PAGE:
Vitamin Soup

Vitamin Campaign

A
B
C
D
E

G
H
K
M
P

A
1.
a yellow, fat-soluble, solid terpene alcohol, C 20 H 30 O, obtained from carotene and occurring in green and yellow vegetables, egg yolk, etc.: essential to growth, the protection of epithelial tissue, and the prevention of night blindness.
Also called vitamin A 1 , retinol.
Origin: 1920–25
vitamin A2
1.a yellow oil, C 20 H 28 O, similar to vitamin A, obtained from fish liver.

B
vitamin B1
[rahy-boh-fley-vin, rahy-boh-fley-, -buh-]

– noun
1.
thiamine.
Origin: 1920–25
vitamin B2
[thahy-uh-min, -meen]
– noun
1.
riboflavin.
Origin: 1925–30
vitamin B3
– noun
1.
nicotinic acid.
vitamin B6
– noun
1.
pyridoxine.
Origin: 1930–35
vitamin B9
– noun
1.
folic acid.
vitamin B12
– noun
1.
a deep-red crystalline, water-soluble solid, C 63 H 88 N 14 O 14 PCo, obtained from liver, milk, eggs, fish, oysters, and clams: a deficiency causes pernicious anemia and disorders of the nervous system.
Also called cyanocobalamin, cobalamin, extrinsic factor.
Origin: 1945–50
nicotinic acid
– noun Biochemistry
1.
a crystalline acid, C 6 H 5 NO 2 , that is a component of the vitamin-B complex, found in fresh meat, yeast, etc., produced by the oxidation of nicotine, and used in the prevention and treatment of pellagra.
Also called niacin, vitamin B 3 .
Origin: 1885–90
ri·bo·fla·vin
– noun Biochemistry
1.
a vitamin B complex factor appearing as an orange-yellow, crystalline compound, C 1 7 H 2 0 N 4 O 6 , derived from ribose, essential for growth, found in milk, fresh meat, eggs, leafy vegetables, etc., or made synthetically, and used in enriching flour, in vitamin preparations, and in treating facial lesions.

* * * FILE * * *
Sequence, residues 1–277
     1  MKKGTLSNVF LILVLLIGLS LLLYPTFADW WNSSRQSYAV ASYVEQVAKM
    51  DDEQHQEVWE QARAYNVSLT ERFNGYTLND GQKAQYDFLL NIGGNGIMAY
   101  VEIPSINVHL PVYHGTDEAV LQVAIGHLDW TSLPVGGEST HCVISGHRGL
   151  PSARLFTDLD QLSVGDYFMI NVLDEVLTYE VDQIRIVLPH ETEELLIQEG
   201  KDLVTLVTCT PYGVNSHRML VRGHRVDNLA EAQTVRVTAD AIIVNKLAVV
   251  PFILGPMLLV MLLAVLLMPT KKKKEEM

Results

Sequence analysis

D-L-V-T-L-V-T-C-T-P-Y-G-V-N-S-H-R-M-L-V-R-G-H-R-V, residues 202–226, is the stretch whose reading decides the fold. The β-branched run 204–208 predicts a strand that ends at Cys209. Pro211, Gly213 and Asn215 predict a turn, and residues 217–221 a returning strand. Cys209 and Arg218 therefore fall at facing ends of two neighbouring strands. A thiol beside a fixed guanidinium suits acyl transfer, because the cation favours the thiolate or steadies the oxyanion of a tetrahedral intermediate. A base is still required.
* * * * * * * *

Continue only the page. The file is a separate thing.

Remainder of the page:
Also, ri·bo·fla·vine Also called lactoflavin, vitamin B2, vitamin G.
Origin: 1930–35; ribo(se) + flavin
thi·a·mine
– noun Biochemistry
1.
a white, crystalline, water-soluble compound of the vitamin-B complex, containing a thiazole and a pyrimidine group, C 12 H 17 ClN 4 OS, essential for normal functioning of the nervous system, a deficiency of which results chiefly in beriberi and other nerve disorders: occurring in many natural sources, as green peas, liver, and especially the seed coats of cereal grains, the commercial product of which is chiefly synthesized in the form of its chloride (thiamine chloride or thiamine hydrochloride) for therapeutic administration, or in nitrate form (thiamine mononitrate) for enriching flour mixes.
Also, thi·a·min Also called vitamin B1, aneurin, aneurine.
Origin: 1905–10; thi- + amine

C
– noun
1.
ascorbic acid.
Origin: 1920–25
a·scor·bic ac·id
– noun Biochemistry
1.
a white, crystalline, water-soluble vitamin, C 6 H 8 O 6 , occurring naturally in citrus fruits, green vegetables, etc., and often produced synthetically, essential for normal metabolism: used in the prevention and treatment of scurvy, and in wound-healing and tissue repair.
Also called antiscorbutic acid, vitamin C.
Origin: 1930–35; a-6 + scor- b(ut)ic

D
vitamin D
[kal-sif-uh-rawl, -rol]

– noun
1.
any of the several fat-soluble, antirachitic vitamins D 1 , D 2 , D 3 , occurring in milk and fish-liver oils, especially cod and halibut, or obtained by irradiating provitamin D with ultraviolet light, essential for the formation of normal bones and teeth.
Origin: 1920–25
vitamin D1
– noun
1.